Frontier Homestead spins a yarn in more ways than one at ‘Sheep to Shawl’

Demonstrator spins wool into yarn, Frontier Homestead State Park Museum, Cedar City, Utah, Date unspecified | Photo courtesy of Frontier Homestead State Park Museum, St. George News

CEDAR CITY – The past comes alive Saturday at the Frontier Homestead State Park Museum “Sheep to Shawl” event, where visitors can learn through demonstration and hands-on activities how wool can be made into many different things.

From 10 a.m. to 2 p.m., Sagebrush Fiber Artisans, a Cedar City-based group, will provide an interactive demonstration on the step-by-step journey “of taking wool from the sheep’s back to yours,” according to a press release from the museum.

Skeins of yarn, Frontier Homestead State Park Museum, Cedar City, Utah, Date unspecified | Photo courtesy of Frontier Homestead State Park Museum, St. George News
Skeins of yarn, Frontier Homestead State Park Museum, Cedar City, Utah, Date unspecified | Photo courtesy of Frontier Homestead State Park Museum, St. George News

“It’s kind of a combination of historical education and (an opportunity) to get the kids to relate to the different steps that you can take in dealing with sheep,” said Barbara Ackerman, a founding Sagebrush Fiber Artisans member. “I mean, Iron County is sheep country.”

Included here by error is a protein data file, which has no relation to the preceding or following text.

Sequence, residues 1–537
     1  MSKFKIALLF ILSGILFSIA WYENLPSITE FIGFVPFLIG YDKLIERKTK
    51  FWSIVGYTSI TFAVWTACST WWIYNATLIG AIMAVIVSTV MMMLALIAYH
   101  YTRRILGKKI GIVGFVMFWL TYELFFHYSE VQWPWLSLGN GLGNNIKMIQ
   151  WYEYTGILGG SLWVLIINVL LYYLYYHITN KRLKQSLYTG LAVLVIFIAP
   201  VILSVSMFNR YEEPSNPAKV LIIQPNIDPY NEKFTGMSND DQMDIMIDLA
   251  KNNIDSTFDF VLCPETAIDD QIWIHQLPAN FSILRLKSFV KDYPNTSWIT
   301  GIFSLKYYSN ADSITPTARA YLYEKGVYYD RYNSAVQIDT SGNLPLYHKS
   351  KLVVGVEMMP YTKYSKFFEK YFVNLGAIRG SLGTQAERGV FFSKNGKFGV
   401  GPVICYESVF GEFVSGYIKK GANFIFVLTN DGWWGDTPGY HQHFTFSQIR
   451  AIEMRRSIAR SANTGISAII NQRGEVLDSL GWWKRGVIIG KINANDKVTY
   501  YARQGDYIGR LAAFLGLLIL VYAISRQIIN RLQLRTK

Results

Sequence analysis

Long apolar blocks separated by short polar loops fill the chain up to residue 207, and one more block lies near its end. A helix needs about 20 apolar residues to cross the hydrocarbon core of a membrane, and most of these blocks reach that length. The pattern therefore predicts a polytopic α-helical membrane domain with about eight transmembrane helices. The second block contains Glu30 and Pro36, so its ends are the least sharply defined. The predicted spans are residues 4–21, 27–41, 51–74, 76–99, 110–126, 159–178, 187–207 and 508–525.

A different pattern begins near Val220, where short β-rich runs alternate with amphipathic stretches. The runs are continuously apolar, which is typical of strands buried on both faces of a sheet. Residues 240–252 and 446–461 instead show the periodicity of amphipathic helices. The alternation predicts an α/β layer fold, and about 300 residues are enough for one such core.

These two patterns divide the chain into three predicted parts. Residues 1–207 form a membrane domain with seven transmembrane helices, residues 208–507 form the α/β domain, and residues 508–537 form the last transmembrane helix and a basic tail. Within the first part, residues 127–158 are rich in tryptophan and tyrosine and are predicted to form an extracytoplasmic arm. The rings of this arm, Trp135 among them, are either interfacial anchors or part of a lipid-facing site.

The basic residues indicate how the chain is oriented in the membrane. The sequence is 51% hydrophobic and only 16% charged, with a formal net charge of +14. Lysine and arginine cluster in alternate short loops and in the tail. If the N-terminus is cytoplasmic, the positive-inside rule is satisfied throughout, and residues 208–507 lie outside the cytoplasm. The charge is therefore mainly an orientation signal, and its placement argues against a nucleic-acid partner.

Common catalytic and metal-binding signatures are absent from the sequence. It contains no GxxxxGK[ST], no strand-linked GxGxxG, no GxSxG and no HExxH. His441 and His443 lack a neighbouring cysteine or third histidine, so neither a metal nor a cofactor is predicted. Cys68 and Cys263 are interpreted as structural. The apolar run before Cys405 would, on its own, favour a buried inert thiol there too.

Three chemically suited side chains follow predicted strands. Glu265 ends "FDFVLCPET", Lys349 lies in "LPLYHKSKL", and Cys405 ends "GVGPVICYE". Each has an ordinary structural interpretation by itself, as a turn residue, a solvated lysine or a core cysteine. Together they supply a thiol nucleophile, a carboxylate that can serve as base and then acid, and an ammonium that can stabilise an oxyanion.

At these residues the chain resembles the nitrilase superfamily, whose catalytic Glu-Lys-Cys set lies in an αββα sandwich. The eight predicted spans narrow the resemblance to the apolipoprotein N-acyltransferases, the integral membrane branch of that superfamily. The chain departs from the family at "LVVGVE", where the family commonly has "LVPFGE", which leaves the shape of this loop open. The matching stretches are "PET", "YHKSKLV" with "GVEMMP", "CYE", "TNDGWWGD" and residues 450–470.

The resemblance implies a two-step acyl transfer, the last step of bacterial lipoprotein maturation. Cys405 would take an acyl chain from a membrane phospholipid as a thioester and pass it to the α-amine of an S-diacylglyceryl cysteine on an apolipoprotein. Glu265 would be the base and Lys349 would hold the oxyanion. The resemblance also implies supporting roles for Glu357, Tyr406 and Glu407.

The family-friendly event will offer a variety of ways for curious visitors to get their hands dirty at one of the many stations set up around the museum. Activities include washing, carding, spinning and dyeing wool, as well as knitting and weaving.

Sagebrush Fiber Artisans began as a weaving spinning group and expanded to include other areas of textiles arts, such as knitting, cross-stitch and embroidery.

“Part of our mission is educating the public in our craft,” Ackerman said. “The museum is a really good place as a stepping off for doing that, because the public is going to come in anyway — and weaving and spinning is a real basic pioneer craft that we do as hobbyists.”

The idea behind events that teach frontier skills like Sheep to Shawl is to provide a bridge between ancestors and descendants, said Ryan Paul, Frontier Homestead State Park curator.

One of the reasons we exist is to provide connections between the past, the present and the future,” Paul said.“You’ve heard the phrase ‘what’s old becomes new again;’ this process is again becoming en vogue in the process of people knitting and spinning.”

Paul added that the hope is that the community will begin to view the museum as “the new town square,” — a place for people to gather where they can use and share skills and knowledge that will connect with the past with a vision for the future. 

Event details

What: Sheep to Shawl

When: Saturday, March 19 | 10 a.m. to 2 p.m.

Where: Frontier Homestead State Park Museum | 635 North Main St., Cedar City

How much: $1.50 per person | $5 for families | free to Friend’s Group cardholders.

Email: cmiller@stgnews.com

Twitter: @STGnews

Copyright St. George News, SaintGeorgeUtah.com LLC, 2016, all rights reserved.

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